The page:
The Supreme Court of the United States won’t reconsider a significant unauthorized practice of law case ruled on by the Indiana Supreme Court earlier this year.
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Justices rule on trust mill UPL case

April 14, 2010
Michael Hoskins
The Indiana State Bar Association has won an unauthorized practice of law action against an estate planning services company, but wasn't able to completely sway the state's highest court that all "costs and expenses" should be completely granted for the prosecution of the case.
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Court issues UPL ruling about 'general counsel'Restricted Content

March 31, 2010
Scott Olson
A top executive of Celadon Group Inc. can no longer represent himself as the Indianapolis-based trucking company's attorney because of a glaring omission - he is not licensed to practice law in Indiana.
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Agencies examine UPLRestricted Content

March 17, 2010
Michael Hoskins
Long before he became Greenwood's police chief, attorney Joe Pitcher recalls sitting as a special judge in town court and facing an Unauthorized Practice of Law case that may be one of few like it in Indiana.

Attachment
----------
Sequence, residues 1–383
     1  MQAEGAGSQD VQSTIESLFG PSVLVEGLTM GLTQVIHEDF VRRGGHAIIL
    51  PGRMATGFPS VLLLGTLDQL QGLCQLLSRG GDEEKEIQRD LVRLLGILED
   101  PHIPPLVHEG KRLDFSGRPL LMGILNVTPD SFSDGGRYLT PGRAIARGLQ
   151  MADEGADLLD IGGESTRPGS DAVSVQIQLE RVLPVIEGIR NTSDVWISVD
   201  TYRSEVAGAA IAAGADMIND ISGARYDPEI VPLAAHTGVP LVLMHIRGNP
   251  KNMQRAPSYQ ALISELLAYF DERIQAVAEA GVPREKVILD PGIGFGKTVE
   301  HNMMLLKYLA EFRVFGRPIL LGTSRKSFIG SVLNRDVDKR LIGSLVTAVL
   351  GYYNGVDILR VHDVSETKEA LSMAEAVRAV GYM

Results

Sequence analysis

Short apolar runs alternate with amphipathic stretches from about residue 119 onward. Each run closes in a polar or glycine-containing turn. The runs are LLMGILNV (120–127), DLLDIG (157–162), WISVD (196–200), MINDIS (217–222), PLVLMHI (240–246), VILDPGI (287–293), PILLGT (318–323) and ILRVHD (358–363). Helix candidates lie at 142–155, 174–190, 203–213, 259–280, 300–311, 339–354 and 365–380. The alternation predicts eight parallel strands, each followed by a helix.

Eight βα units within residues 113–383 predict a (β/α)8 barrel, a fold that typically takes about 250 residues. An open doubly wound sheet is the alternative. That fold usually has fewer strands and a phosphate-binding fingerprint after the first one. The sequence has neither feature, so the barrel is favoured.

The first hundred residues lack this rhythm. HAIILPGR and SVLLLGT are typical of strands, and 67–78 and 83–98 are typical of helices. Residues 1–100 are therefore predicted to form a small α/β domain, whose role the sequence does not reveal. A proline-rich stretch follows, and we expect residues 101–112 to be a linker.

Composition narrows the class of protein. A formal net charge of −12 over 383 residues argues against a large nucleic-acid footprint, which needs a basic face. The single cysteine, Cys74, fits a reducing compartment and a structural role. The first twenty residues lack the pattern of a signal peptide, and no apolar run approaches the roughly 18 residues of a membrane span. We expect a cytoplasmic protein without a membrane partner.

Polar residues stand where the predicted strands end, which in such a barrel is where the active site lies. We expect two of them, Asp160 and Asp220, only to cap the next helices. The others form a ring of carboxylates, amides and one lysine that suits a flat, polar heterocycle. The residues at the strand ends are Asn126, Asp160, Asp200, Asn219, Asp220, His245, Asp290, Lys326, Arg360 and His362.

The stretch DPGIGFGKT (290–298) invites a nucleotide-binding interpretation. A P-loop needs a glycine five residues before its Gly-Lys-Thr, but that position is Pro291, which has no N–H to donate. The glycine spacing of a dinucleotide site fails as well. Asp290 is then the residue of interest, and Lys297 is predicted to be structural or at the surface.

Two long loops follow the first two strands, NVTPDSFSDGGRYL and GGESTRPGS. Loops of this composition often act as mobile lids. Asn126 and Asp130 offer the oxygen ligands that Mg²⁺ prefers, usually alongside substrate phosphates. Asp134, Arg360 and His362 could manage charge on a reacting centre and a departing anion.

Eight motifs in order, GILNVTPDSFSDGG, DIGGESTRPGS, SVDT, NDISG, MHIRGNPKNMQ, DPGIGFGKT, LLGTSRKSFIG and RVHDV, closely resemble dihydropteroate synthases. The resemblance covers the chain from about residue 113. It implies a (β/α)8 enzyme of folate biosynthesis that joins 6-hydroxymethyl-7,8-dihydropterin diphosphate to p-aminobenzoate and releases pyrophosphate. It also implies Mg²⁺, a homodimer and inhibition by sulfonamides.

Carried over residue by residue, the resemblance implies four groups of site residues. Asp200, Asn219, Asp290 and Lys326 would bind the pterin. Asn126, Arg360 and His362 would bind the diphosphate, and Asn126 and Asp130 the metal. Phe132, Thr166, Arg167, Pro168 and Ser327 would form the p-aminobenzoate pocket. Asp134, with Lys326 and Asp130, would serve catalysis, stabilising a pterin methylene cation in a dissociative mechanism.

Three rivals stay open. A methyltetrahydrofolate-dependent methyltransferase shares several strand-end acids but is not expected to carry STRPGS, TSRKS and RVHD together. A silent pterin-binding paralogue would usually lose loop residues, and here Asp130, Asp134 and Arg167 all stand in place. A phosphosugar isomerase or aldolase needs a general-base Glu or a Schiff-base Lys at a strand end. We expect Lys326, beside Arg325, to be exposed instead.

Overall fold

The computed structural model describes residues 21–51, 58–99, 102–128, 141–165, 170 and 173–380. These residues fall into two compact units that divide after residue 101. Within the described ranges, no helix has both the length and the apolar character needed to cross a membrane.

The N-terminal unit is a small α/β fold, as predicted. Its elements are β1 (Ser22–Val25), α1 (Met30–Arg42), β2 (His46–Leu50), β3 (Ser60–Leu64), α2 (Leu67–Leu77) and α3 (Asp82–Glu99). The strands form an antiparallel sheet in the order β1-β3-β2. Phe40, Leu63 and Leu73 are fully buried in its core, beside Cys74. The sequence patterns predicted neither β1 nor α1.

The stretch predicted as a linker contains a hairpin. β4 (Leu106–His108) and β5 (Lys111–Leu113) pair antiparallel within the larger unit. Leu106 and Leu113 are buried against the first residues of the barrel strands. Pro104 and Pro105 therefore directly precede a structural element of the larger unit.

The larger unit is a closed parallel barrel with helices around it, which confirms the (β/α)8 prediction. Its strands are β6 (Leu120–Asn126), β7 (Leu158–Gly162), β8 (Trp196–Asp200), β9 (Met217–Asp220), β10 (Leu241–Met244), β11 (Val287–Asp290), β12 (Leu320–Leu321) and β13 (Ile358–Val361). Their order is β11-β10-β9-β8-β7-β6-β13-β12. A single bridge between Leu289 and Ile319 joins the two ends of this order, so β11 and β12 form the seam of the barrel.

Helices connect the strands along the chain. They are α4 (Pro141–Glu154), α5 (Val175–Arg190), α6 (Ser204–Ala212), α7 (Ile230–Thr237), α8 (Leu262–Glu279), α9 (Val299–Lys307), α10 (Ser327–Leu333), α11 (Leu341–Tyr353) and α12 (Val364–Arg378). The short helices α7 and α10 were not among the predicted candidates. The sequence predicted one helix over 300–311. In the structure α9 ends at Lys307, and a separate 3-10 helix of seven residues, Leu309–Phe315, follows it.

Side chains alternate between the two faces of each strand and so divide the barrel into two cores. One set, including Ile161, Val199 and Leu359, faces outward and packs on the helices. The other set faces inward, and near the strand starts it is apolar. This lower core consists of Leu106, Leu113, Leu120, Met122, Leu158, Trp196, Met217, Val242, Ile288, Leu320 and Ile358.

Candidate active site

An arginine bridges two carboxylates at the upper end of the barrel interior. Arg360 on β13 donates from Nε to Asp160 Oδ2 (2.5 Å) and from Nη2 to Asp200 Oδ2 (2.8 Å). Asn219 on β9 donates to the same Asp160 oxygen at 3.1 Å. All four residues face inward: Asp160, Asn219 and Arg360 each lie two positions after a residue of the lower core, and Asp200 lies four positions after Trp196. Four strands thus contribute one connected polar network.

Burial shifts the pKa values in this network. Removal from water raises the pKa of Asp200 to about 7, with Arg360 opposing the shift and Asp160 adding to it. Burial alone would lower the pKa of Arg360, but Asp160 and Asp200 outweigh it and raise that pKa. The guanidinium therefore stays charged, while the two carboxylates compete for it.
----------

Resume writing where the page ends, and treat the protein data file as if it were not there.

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Report issued in UPL claim on trust mill case

July 15, 2009
Michael Hoskins
The Indiana Supreme Court has never determined whether the money spent during the prosecution of an Unauthorized Practice of Law claim fits into the "costs and expenses incurred by such a hearing" category, which means that a losing party pays under Administrative Disciplinary Rule 24.
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Justices consider 'costs' in UPL action

January 1, 2009
Michael Hoskins
The Indiana State Bar Association wants the state's highest court to define the term "costs and expenses" as it's never done before, and in doing so order a company being prosecuted for the Unauthorized Practice of Law to have to pay those fees and disgorge any profits it shouldn't have made in the first place.Hearing arguments today in State of Indiana, Ex. Rel. Indiana State Bar Association v. United Financial Systems Corp., No. 84S00-0810-MS-551, justices considered an issue of first...
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  1. The fee increase would be livable except for the 11% increase in spending at the Disciplinary Commission. The Commission should be focused on true public harm rather than going on witch hunts against lawyers who dare to criticize judges.